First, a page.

Stories about North America from January, 2008
Iraqi blogger Raed Jarrar discusses Iraq in the US State of the Union speech. ‘Last year, it was more about “we're loosing, we have to stay and fight”, this year it's “we're winning, we have to stay and fight”,’ he writes.
United We Blog! from Nepal voicing support for Obama in the presidential elections.
Nouri discusses Algerian politics, media and his country's presidential elections and compares them to the situation in the US in this post.
Cheese-on-bread! notices a similarity between the new Barbados government's campaign slogan and Barack Obama's – and hopes that the “rallying cry will work for him as well as it did for PM Thompson et al…”; while Politics.bm thinks Bermuda's government “represents everything Obama rejects.”
Bahraini blogger Mahmood Al Yousif has been invited to speak at the Rand Corporation Conference, being held in Washington DC, next month.
“Should I worry about the way Islam is made out to sound like a plague that everyone wants to distance themselves from? Should I be wondering what the religion of a person has to do with them being electable to office or not?” writes Subzero Blue from Tunisia, after reading...
Turkish blogger Metin discusses the US Presidential elections in this post.
The Lounsbury says there isn't much interest in the Middle East and North Africa in the US elections at this stage. He further adds: “This being said, operationally or ‘conversationally’ speaking, I would say that there is but passing interest in MENA, except among those circles that may be qualified...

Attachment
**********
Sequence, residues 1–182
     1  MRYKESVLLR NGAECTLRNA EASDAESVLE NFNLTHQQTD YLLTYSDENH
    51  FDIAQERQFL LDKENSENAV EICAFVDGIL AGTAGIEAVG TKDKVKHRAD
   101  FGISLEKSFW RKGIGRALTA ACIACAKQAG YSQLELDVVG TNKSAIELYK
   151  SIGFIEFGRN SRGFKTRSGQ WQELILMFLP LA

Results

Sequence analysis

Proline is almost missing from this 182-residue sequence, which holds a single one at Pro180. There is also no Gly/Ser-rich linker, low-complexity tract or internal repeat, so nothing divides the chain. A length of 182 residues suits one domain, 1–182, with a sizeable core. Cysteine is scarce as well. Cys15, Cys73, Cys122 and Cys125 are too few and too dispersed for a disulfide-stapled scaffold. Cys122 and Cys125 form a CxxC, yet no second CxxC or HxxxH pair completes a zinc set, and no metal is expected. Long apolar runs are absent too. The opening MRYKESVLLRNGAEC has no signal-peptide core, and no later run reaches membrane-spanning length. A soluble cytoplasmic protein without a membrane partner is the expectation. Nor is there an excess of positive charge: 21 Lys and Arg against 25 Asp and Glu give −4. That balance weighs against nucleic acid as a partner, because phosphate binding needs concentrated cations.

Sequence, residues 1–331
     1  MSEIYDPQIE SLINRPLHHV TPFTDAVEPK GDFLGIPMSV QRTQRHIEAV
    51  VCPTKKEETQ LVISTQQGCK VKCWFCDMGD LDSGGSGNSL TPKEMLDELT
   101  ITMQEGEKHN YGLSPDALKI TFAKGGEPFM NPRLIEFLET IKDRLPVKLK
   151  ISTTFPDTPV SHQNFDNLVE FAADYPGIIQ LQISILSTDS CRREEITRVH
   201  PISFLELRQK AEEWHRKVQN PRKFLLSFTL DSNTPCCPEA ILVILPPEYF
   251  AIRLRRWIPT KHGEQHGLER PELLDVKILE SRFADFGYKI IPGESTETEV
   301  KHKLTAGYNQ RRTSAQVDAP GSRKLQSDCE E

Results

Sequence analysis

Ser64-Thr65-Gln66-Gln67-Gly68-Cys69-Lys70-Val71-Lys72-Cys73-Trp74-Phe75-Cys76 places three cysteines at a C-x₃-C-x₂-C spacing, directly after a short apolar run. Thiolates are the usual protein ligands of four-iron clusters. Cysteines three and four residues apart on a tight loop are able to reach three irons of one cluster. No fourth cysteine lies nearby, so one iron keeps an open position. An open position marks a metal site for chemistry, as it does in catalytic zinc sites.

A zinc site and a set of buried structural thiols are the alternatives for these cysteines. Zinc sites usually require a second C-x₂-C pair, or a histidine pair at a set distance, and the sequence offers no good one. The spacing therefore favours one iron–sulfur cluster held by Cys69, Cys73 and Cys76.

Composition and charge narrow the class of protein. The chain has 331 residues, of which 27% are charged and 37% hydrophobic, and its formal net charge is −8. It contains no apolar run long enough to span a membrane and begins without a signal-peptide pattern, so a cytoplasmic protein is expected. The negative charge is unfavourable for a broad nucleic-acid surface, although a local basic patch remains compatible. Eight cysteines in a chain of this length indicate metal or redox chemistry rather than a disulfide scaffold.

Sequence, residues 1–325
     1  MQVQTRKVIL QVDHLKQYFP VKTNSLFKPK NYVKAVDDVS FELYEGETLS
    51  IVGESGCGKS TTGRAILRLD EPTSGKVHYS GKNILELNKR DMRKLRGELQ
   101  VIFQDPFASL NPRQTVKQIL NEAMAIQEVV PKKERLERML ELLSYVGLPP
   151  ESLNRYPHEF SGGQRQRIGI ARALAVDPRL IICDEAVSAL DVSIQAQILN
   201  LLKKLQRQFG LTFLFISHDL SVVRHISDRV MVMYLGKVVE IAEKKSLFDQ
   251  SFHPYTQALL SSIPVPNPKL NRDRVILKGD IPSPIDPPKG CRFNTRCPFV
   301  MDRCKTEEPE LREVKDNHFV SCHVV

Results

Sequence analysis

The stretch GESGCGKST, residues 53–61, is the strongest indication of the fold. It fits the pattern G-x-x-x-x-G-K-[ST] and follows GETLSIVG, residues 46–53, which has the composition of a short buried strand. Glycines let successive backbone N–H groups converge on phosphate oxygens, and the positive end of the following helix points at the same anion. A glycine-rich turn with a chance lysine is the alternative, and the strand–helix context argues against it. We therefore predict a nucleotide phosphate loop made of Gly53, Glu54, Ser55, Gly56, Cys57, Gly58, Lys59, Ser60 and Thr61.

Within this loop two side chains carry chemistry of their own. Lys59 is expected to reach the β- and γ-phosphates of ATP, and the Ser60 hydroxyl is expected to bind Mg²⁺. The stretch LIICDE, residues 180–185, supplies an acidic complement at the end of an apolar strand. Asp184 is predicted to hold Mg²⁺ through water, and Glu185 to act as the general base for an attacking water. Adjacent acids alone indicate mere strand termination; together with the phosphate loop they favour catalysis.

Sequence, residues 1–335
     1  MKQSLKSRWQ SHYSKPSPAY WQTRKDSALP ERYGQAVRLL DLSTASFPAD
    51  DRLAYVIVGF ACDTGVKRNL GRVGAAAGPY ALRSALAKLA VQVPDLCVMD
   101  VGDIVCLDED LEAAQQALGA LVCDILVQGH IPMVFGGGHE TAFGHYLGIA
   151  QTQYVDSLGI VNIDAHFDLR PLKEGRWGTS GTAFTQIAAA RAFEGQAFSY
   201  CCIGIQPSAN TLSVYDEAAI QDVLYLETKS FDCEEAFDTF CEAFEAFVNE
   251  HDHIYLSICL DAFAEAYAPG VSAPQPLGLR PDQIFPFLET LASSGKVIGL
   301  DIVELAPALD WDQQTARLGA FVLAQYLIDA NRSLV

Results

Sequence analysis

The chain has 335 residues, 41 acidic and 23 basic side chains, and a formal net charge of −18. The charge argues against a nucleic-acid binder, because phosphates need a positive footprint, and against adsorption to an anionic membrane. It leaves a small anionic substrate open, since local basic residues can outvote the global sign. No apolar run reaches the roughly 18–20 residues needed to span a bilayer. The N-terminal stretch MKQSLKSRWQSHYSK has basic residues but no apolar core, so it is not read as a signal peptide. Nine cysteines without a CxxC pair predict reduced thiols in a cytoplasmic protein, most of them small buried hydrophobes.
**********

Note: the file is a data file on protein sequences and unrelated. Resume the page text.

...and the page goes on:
Enigmatario [es] wonders how much more access the US will request for its Drug Enforcement Agency in Mexico under Plan Merida to fight organized crime especially associated with drug trafficking.
Luiz Carlos Azenha [pt] has started a series of posts in which he intends to translate all the official documents about the American support to the 1964 coup in Brazil, currently kept by George Washington University's National Security Archives. In this second post, he deciphers a “message from the then...
“Thanks to Barack Obama, Islam may have to redefine “believer” in Islamic terms as well as who is considered a Muslim, or the world community may have to start working on a new definition for “ethnic Muslim” to accommodate complicated individuals such as Mr. Obama,” writes Myrtus from Morocco.
“Derek Walcott's prodigious gifts, even in the face of tragedy, continue to amaze me”: Jamaican Geoffrey Philp links to the Caribbean writer's eulogy of Elizabeth Hardwick.
Pestiside.hu responds to an LA reader who is afraid of going to Budapest.
Carlos Quiroz of Carlos @ DC points out how the Free Trade Agreement between the US and Peru was a topic of discussion in a recent debate among Democratic candidates in the United States.
The beatroot writes on “who should Poles vote for, if they could, in US primaries”: “What goes on in Washington should be of keen interest in Warsaw.”
Jeremiah Jenne from Granite Studio blogs about Martin Luther King and his comments on the Vietnam War and China. The blogger points out that much of his comments are still valid today.
Daniel Sturgis: the Struggling Beach Buggy Travel Writer in Morocco questions why it's so difficult for Moroccans to get tourist visas to Canada.
Mental Slavery puts in his two cents about “the implications of an Obama presidency on black people.”
East Ethnia writes about the legacy of chess champion Bobby Fischer, who died today: “Maybe there will be an opportunity now to remember him for what he achieved, less so than for what he became.”
Nart Villeneuve writes” according to The Register, Yahoo! (png) and Microsoft (png) had removed Iran as an option in their country lists used when signing up for an account.Google still has Iran as an option for creating accounts, but does block GoogleEarth downloads from users in Iran (png).”
The Enough Fear campaign connects Americans and Iranians through direct phone calls as part of our person-to-person diplomacy campaign.On Saturday, January 19th, we will set up four phones in City Hall Park in New York that will be connected to volunteers in Iran